Classified: Secrecy and The State In Modern Britain
Ran across this insightful interview conducted by J.P. O’Malley in The Spectator with Christopher Moran on his new book on British secrecy. I’m really excited to get the book as I’ve been interested in secrecy in the UK since reading Ken G. Robertson’s outstanding Public Secrets: A Study in the Development of Government Secrecy (Macmillan, 1982), David Vincent’s Culture of Secrecy: Britain, 1832-1998, and Nicholas Wilkinson’s various works on the D-Notice system.
As someone who uses FOIA in the US on a regular basis, I found Moran’s comments on FOI (freedom of information releases in the UK through the Freedom of Information Act 2000) exceedingly interesting from a comparative perspective:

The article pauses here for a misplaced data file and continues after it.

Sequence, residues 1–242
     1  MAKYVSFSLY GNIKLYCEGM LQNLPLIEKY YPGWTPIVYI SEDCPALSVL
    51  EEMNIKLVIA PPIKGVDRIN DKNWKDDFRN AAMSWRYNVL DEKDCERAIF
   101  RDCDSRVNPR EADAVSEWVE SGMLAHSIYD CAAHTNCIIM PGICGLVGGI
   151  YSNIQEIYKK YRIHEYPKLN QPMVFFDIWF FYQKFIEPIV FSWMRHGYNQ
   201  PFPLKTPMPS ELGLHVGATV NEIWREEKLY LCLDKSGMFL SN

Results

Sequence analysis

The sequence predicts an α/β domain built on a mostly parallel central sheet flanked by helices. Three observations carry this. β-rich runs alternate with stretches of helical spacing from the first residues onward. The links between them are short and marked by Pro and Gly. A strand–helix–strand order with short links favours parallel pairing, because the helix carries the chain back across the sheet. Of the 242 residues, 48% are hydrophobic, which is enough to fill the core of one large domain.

O’Malley: What has been your own experience of gleaning information since the act was implemented?
Moran: I would say my personal experience of requesting information has a success rate of 50/50. The only way to be successful with the Freedom of Information Act is to be very specific with your request. The problem is that unless someone from within Whitehall, or the national archives has told you a certain document exists: it’s very difficult to get information out of the system. To use the Freedom of Information Act and get proper results, you still have to rely on good contacts, and informants to let you know what is being held in the vaults.